tarnish

verb
tar·​nish | \ ˈtär-nish How to pronounce tarnish (audio) \
tarnished; tarnishing; tarnishes

Definition of tarnish

 (Entry 1 of 2)

transitive verb

1 : to dull or destroy the luster of by or as if by air, dust, or dirt : soil, stain
2a : to detract from the good quality of : vitiate his fine dreams now slightly tarnished
b : to bring disgrace on : sully the scandal has tarnished his reputation

tarnish

noun

Definition of tarnish (Entry 2 of 2)

: something that tarnishes especially : a film of chemically altered material on the surface of a metal (such as silver)

Other Words from tarnish

Verb

tarnishable \ ˈtär-​ni-​shə-​bəl How to pronounce tarnish (audio) \ adjective

Synonyms for tarnish

Synonyms: Verb

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Examples of tarnish in a Sentence

Verb Some foods will tarnish silver. The scandal tarnished his reputation. Noun a polish that removes tarnish
Recent Examples on the Web: Verb Chinese-American designer Sonia Hou started her business in an effort to make affordable yet high-quality jewelry that didn't tarnish, flake, or irritate her skin. Jennifer Chan, PEOPLE.com, 8 May 2022 Dylan Hernández says Trevor Bauer overshadowed the Dodgers win Sunday and continues to tarnish the team’s reputation. Los Angeles Times, 23 Apr. 2022 Xi, as the country’s dominant political figure, has also been intimately connected to zero COVID, so an uncontrolled outbreak could tarnish him politically and personally. Michael Schuman, The Atlantic, 18 Apr. 2022 Aside from the usual scandals that can tarnish a reputation, stardom in South Korea means dating is usually forbidden. Joan Macdonald, Forbes, 25 Apr. 2022 At a briefing on Wednesday, Chinese Foreign Ministry spokesman Zhao Lijian suggested any withdrawal of American envoys or their families would be done to tarnish Beijing’s hosting of the Winter Olympics, which start next week. Bill Faries, Bloomberg.com, 27 Jan. 2022 Those moves would represent major escalations in the battle over the investigation, which most Republicans have characterized as a partisan exercise intended to tarnish Mr. Trump and their party. Luke Broadwater, New York Times, 12 Jan. 2022 This caused the company to have to offer refunds as a mea culpa, and really started to tarnish the company's brand and reputation, as negative customer reviews started to flood into the website. George Deeb, Forbes, 5 Jan. 2022 The books will be put in a freezer to avoid mold and the silver coin, which started to tarnish when the box was open, will be kept in a dry place to limit deterioration. NBC News, 23 Dec. 2021 Recent Examples on the Web: Noun To clean away the tarnish, make this safe, nontoxic cleaning solution: squeeze the juice of one lemon into a small bowl. Joseph Truini, Popular Mechanics, 16 Feb. 2022 If there's still some residual tarnish, repeat the poultice treatment. Joseph Truini, Popular Mechanics, 16 Feb. 2022 The combination of bright copper with patches of tarnish is far less attractive than copper with a more even patina. Washington Post, 10 Jan. 2022 So when one journalist or outlet makes questionable choices, the tarnish can easily spread to others. Maria Puente, USA TODAY, 10 Aug. 2021 His father did not know about all these eyes, all over the world, seeing the laminate wood grain of his dresser top, the cloudy tarnish on the silver cross. Sarah Braunstei, The New Yorker, 2 Aug. 2021 The sheen, easy application and no-tarnish factor contribute to a pewter-type finish. Brenda Yenke, cleveland, 20 May 2021 And if that only took a little of the luster off Nolan’s legacy, his tiff with Jon Daniels applied the tarnish. Kevin Sherrington, Dallas News, 11 May 2021 The final question is whether these efforts to be more accessible can shine off the tarnish that is on the Royal brand. Peter Suciu, Forbes, 6 May 2021 See More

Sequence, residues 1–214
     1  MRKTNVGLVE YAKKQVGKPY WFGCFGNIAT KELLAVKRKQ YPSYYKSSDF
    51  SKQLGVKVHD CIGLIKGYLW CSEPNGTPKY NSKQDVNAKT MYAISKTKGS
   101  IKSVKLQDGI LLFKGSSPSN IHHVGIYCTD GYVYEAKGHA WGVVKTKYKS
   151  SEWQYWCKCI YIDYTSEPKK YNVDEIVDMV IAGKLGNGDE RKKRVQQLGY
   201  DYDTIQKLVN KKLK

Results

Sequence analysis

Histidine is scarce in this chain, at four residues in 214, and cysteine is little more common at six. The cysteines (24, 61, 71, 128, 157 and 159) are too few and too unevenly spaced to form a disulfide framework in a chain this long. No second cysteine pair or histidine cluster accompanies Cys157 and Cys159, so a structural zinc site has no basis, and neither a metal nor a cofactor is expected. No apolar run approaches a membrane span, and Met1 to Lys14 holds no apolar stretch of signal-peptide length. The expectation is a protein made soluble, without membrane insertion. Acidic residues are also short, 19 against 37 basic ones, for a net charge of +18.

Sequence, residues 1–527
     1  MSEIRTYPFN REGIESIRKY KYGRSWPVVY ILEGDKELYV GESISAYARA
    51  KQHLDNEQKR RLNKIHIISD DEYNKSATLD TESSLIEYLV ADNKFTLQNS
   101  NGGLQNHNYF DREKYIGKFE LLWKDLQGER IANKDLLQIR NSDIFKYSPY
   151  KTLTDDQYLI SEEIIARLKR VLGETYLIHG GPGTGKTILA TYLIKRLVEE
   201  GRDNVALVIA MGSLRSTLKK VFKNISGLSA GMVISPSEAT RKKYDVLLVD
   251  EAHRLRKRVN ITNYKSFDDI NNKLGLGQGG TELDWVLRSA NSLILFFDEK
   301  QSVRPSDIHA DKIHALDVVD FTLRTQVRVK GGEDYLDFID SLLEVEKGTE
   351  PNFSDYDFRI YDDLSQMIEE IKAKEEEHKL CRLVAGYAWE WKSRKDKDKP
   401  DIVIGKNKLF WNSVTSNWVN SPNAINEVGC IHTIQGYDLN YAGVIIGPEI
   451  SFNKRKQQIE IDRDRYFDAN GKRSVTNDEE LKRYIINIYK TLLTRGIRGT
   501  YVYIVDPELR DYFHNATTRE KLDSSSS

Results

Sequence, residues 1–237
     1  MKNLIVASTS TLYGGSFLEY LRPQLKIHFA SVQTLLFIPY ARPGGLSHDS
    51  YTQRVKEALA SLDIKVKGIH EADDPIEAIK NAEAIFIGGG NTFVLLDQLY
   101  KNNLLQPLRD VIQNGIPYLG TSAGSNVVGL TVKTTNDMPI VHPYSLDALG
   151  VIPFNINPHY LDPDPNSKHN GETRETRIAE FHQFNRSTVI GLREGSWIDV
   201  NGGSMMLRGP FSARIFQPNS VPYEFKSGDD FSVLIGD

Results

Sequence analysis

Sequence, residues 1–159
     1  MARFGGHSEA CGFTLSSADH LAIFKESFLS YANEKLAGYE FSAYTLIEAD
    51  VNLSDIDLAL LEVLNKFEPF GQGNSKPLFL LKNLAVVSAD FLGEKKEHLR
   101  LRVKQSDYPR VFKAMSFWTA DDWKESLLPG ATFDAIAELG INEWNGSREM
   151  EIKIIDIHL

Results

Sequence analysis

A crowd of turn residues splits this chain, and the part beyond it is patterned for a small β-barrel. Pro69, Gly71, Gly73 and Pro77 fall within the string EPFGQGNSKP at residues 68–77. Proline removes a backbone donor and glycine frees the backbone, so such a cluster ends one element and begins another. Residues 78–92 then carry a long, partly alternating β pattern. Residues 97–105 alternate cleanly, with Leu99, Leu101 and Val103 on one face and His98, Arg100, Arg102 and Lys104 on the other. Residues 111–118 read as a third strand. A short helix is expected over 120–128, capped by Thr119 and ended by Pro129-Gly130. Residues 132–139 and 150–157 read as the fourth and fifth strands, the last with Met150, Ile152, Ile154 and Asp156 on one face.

These example sentences are selected automatically from various online news sources to reflect current usage of the word 'tarnish.' Views expressed in the examples do not represent the opinion of Merriam-Webster or its editors. Send us feedback.

First Known Use of tarnish

Verb

15th century, in the meaning defined at transitive sense 1

Noun

1684, in the meaning defined above

History and Etymology for tarnish

Verb

Middle English ternysshen, from Middle French terniss-, stem of ternir, probably of Germanic origin; akin to Old High German tarnan to hide

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Time Traveler for tarnish

Time Traveler

The first known use of tarnish was in the 15th century

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Dictionary Entries Near tarnish

tarnation

tarnish

tarnished plant bug

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Statistics for tarnish

Last Updated

13 May 2022

Cite this Entry

“Tarnish.” Merriam-Webster.com Dictionary, Merriam-Webster, https://www.merriam-webster.com/dictionary/tarnish. Accessed 16 May. 2022.

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More Definitions for tarnish

tarnish

verb
tar·​nish | \ ˈtär-nish How to pronounce tarnish (audio) \
tarnished; tarnishing

Kids Definition of tarnish

 (Entry 1 of 2)

1 : to make or become dull, dim, or discolored
2 : to bring disgrace or ruin The scandal tarnished his reputation.

tarnish

noun

Kids Definition of tarnish (Entry 2 of 2)

: a surface coating formed during tarnishing

More from Merriam-Webster on tarnish

Nglish: Translation of tarnish for Spanish Speakers

Britannica English: Translation of tarnish for Arabic Speakers

Britannica.com: Encyclopedia article about tarnish

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